sh to report their feedback to Apple can do so at http://www.apple.com/feedback/
iphone.html
http://www.suite101.com/content/iphone-alarm-bug-causes-thousands-to-run-hour-la
te-a303195
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iPhone DST bug fails to alarm users in the wrong way
Thousands believed affected by iPhone alarm bug, causing unintended one hour lie
-ins across Europe
Sadly, my iPhone (3G running iOS 4.0.1) didn't grant me a lie-in this morning. B
ut thousands of others reliant on their repeating wake-up calls were woken up on
e hour late this morning, owing to a bug acknowledged by Apple more than three w
eeks ago when it affected users in Australia and New Zealand (where Daylight Sav
ing began, of course, three weeks ago).
Though the one-hour time shift was automatically accounted for on the iPhone's c
lock, the alarm clock on devices running iOS 4.1 failed to adjust (suggesting th
ey're set relative to GMT - which in turn would suggest that if you travel abroa
d and leave your alarm on it will go off at strange times of day).
The upshot: thousands of alarms went off an hour late. Twitter quickly filled up
with people complaining about the fault (or using it as an excuse for lateness)
.
The bug appears to affect alarms set to repeat; users are advised to set new non
-repeating alarms until Apple pushes out a fix. And with the US set to migrate t
o new daylight saving hours next Sunday, one would expect an update imminently.
Apple has been contacted but hadn't responded to me at the time of writing. The
company promised a fix after faulty alarms hitting Australia and New Zealand ear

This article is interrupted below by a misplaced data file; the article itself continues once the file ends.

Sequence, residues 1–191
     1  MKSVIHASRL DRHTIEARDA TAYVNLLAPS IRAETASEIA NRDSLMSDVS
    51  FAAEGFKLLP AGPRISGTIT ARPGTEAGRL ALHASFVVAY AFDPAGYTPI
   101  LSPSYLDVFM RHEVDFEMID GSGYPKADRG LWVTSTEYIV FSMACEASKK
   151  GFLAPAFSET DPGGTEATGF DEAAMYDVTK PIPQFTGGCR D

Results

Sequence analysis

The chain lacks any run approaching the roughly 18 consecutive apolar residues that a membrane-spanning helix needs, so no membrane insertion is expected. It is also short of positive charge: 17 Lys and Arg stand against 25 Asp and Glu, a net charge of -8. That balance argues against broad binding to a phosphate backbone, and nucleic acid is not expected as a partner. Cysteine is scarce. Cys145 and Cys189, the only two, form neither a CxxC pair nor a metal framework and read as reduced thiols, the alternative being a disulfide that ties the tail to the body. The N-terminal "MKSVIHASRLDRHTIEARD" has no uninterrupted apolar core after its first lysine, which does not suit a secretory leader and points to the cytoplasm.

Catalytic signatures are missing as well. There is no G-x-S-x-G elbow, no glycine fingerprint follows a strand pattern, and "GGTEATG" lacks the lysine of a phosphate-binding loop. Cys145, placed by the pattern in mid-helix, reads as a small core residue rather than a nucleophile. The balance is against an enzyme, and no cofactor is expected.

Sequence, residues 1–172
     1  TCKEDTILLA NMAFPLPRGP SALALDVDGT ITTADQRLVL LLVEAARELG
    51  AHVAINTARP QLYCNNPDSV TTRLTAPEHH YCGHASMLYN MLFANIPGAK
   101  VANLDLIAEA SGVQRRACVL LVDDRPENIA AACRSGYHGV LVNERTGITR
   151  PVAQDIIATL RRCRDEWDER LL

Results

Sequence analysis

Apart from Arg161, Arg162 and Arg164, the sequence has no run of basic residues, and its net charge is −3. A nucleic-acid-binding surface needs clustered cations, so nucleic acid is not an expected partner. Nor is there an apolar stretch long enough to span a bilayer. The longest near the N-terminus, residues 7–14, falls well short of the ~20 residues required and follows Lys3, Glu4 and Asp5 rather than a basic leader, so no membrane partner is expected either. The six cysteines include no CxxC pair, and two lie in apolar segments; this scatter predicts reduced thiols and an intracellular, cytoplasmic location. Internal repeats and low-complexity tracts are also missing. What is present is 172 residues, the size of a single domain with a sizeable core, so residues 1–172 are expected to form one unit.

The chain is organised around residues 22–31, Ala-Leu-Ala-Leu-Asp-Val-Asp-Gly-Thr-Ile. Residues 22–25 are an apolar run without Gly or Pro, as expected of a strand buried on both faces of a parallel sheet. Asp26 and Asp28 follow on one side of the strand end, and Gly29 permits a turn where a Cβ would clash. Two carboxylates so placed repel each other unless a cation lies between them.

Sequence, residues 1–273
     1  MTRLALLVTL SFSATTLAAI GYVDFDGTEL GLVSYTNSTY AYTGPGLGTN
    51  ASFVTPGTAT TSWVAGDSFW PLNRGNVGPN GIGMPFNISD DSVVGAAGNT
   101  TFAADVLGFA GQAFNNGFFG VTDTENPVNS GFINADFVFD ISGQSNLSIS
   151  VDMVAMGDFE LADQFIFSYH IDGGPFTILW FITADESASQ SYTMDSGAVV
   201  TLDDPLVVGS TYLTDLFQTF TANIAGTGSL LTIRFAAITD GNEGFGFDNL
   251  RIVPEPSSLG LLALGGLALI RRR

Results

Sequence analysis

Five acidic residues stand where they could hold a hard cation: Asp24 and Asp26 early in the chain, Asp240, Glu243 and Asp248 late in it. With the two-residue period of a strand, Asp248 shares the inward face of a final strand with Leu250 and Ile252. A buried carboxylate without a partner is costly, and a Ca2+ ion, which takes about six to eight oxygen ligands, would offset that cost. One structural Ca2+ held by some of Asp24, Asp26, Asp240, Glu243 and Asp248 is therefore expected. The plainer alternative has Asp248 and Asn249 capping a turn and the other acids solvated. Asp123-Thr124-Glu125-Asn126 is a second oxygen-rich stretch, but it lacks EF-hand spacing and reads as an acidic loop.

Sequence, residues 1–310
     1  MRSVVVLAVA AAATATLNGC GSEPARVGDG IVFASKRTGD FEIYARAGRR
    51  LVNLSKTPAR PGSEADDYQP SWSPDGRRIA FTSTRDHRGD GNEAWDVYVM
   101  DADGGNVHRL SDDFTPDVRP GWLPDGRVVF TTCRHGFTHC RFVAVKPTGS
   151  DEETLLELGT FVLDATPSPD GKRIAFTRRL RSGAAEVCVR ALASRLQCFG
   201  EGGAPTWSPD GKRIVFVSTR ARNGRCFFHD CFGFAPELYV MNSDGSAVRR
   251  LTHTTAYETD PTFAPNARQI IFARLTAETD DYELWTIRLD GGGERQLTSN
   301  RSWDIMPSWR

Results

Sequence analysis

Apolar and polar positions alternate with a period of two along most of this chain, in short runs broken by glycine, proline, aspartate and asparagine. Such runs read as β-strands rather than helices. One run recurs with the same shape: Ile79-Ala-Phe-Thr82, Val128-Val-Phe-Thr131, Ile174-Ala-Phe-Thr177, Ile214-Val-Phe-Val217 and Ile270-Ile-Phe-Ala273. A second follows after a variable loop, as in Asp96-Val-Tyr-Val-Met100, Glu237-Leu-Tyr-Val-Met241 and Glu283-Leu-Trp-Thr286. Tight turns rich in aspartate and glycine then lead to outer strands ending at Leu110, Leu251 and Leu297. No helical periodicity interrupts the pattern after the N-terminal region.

lier this month, but Apple may roll any minor software update into its behind-cl
osed-doors iOS event for developers in the US later this week.
For now, Mashable has five "stylish" we'll let you be the judge alarm clock apps
that will wake you up on time.
http://www.guardian.co.uk/technology/blog/2010/nov/01/iphone-dst-alarm-bug-europ
e
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iPhone alarm bug leads to UK lie-in
By Nicole Kobie
Posted on 11 Jan 2010 at 09:02
It must be the most welcome flaw to hit an Apple product, as a bug in iPhone ala
rm settings gave many across Europe an extra hour's sleep this morning.
When Britain flipped out of summer time and back to GMT over the weekend, the iP
hone's clock automatically made the change - but didn't update alarm settings, l
eaving some users asleep for an extra hour.
This morning, Twitter was awash with complaints. "Anyone else's iPhone alarm del
ayed by an hour? Great start to a Monday, cheers Jobs," said one.
"Don't trust your iPhone alarms folks. They're going off one hour late since clo
cks changed," noted another user.
As Engadget has noted, the bug was first noticed in New Zealand and then a week
later in Australia, with users woken up an hour early for the area's hour jump f
orward last month.
A month ago, a New Zealand user on the Apple forum noted: "I guess we're just lu
cky this didn't occur when the clock went the other way."
The iOS4 bug can apparently be avoided by using one-off alarms, rather than pre-
set regular wake-up calls.
Since then, Apple clearly hasn't fixed the bug or chosen to alert European custo
mers. The company wasn't available for comment at the time of publishing.
http://www.pcpro.co.uk/news/362407/iphone-alarm-bug-leads-to-uk-lie-in